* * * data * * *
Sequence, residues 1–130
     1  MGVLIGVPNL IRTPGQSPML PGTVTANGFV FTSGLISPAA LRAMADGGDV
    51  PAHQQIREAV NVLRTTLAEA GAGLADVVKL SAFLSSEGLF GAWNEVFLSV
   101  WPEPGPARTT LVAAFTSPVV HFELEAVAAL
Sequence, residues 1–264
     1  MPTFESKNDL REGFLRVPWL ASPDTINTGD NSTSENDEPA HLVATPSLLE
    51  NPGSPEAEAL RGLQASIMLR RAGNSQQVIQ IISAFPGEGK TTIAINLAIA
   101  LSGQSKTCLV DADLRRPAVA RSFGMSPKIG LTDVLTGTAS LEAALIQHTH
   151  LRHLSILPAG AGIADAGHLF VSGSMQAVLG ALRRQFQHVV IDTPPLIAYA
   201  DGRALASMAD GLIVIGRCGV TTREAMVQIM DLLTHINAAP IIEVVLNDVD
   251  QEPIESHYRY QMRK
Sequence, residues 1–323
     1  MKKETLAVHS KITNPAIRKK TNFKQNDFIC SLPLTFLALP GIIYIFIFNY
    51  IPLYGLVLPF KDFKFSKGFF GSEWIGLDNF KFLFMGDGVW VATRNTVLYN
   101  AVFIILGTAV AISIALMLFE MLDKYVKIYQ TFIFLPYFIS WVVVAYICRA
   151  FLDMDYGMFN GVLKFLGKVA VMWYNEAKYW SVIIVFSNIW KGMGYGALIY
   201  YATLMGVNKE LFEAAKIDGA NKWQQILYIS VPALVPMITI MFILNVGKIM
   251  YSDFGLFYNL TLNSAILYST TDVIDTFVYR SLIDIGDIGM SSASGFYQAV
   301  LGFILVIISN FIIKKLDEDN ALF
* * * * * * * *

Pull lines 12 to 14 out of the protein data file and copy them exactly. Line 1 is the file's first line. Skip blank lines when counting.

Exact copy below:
Sequence, residues 1–323
     1  MKKETLAVHS KITNPAIRKK TNFKQNDFIC SLPLTFLALP GIIYIFIFNY
    51  IPLYGLVLPF KDFKFSKGFF GSEWIGLDNF KFLFMGDGVW VATRNTVLYN